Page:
This is an excellent question, both in content and structure.
Bottom line - You do not if you want to apply round three. You have to weigh the probability of getting into a school that you would actually want to attend in R3, the number of seats still available in R2, the effect that a re-applicant status would have on any subsequent application and how the admissions committee would you your age.
Let's start with the age factor – the reality is that you will only be six months older than you would have been if you had applied in round three. I believe that you are over weighting the impact that this factor will have on your candidacy. I know that you may feel like a graying man every subsequent day, but the reality is that their status – either old or young – is really not going to change in six months. How ever the admissions committee will you your age in round three, is pretty much how they will view it in round one of next year.
So what could happen if you applied in round three anyway?
The doomsday scenario would probably play out like this – you apply with a rush application to approximately five or six schools because you know there are only a limited amount seats left. You hedge your bets and choices along the top 15 schools. The schools at the top of your list simply have very little room for another consultant. The schools at the bottom of your list will think that you got rejected in round one or two and are now throwing darts to see what comes up. Schools at the bottom of your list accept you.
However, after you receive your acceptance letter you realize that there are only three more months before you can apply again to round one. So then what you decide to do is to reapply to your top school choices in round one -- the schools that rejected you.
Remember, the schools you were accepted to in round one need an answer from you ASAP. You decide not to attend any of the lower ranked schools -- wasting their time and yours. As a re-applicant, you are now under the gun to show the school how you have improved since you last applied. Basically, you have about five or six months worth of time to show that you made an improvement. This is a short time - generally not enough time to have any type of meaningful impact work. It could be, but it is not likely. Schools generally hope – when they ask this question – you will have had approximately a years worth of time to improve.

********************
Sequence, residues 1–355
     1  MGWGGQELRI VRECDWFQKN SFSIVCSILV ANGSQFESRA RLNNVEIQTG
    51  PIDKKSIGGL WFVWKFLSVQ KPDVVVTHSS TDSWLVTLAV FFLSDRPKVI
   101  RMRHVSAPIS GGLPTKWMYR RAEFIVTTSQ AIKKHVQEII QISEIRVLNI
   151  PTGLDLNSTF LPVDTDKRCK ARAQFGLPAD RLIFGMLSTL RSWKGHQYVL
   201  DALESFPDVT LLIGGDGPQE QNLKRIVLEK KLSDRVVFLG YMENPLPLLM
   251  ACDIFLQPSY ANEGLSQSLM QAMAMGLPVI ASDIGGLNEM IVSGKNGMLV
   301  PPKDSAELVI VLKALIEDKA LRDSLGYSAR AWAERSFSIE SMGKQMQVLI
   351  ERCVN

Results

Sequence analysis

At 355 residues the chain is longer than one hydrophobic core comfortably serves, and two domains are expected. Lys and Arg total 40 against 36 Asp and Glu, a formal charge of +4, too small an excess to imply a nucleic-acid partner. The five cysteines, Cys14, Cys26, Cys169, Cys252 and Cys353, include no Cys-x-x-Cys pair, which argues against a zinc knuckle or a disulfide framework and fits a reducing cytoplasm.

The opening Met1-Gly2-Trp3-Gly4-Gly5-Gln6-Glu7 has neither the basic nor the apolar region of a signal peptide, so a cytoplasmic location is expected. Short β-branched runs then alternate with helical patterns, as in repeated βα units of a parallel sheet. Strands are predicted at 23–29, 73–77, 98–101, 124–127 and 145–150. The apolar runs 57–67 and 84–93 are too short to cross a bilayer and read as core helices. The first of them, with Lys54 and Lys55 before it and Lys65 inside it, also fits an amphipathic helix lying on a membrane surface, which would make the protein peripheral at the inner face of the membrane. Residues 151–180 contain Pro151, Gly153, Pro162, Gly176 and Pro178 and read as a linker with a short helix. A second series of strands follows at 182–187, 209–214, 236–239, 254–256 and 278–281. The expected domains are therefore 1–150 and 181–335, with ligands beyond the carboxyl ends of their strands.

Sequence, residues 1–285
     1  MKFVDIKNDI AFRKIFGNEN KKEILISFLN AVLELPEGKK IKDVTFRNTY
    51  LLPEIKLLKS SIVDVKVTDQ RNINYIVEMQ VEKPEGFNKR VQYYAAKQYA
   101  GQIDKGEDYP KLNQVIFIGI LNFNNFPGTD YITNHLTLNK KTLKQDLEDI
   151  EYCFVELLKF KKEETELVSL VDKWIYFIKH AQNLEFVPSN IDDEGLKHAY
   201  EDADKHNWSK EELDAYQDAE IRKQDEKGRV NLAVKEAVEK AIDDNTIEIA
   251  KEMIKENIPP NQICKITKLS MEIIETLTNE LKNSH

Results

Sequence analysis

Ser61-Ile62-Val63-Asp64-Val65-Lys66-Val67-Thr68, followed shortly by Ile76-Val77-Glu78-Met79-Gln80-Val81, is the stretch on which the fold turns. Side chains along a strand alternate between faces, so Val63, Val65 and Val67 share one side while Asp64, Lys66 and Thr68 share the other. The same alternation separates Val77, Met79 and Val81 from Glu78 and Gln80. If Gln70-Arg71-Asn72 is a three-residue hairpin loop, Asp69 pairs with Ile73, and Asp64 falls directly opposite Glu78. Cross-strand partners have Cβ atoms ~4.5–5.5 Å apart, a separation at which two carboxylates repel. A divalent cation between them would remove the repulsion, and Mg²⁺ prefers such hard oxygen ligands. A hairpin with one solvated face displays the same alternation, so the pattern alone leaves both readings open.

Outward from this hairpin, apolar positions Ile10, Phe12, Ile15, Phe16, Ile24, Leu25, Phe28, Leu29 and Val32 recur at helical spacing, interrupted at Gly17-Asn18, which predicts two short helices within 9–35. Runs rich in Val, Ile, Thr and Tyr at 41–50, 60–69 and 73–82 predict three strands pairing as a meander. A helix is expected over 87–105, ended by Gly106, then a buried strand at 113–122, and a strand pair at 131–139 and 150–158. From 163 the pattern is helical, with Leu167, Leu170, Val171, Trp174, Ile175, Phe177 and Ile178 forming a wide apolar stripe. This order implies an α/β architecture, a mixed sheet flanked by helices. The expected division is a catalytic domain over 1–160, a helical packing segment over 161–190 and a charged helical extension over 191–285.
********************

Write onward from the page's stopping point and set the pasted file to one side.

Trust me on this one - apply round one of next year ... I hope this helps.
- White, American male
- Age: 30 (31 as of summer 2012)
- GMAT: 770 (Q49, V48, AWA 6.0)
- GPA: 3.3 from tier 1 public school
- Solid volunteer experience post-undergrad, some undergrad activities
Wharton, Booth, Columbia, Kellogg, NYU, Darden (in order of preference)
I am currently a manager in the strategy & operations (S&O) consulting function of a Big 4 firm (the only one that still has a true consulting function). I transferred into the S&O group from our tech consulting practice in 2009, after teaming with the group on post-merger integration projects for about 1.5 years. MY post-MBA goal is to return to the firm and expand my role in our M&A practice beyond post-merger integration and into M&A strategy, target screening, etc., with a long-term goal of becoming a partner in this practice.
I began planning for an MBA in mid-2010, and took the GMAT in late December of that year. Effective 1/1/2011, my firm suspended its full-time education assistance program, which would have paid for my MBA in full.
Given that change, I considered applying to an EMBA program, which my firm would partially cover. I ultimately decided against an EMBA because my travel schedule (which includes international travel) would make it difficult to consistently attend Friday classes. Additionally, I would like to concentrate on finance, and most EMBA programs offer very limited electives.
As of 1/1/2012, my firm re-instituted the full-time education assistance program from my group. I'm now torn between applying in round 3 this year and waiting until round 1 next year. I understand that the odds of being admitted in round 3 are slim, but my age is also a consideration. I have a pretty valid reason for the late application, but I realize that most spots are simply taken by round 3. Applying to lower-ranked schools is not really an option, as my firm will only pay for certain schools (basically top 15).
Given my age and profile, could it make more sense to apply this year? If I apply this year and am not admitted, is there a disadvantage to being a reapplicant next year?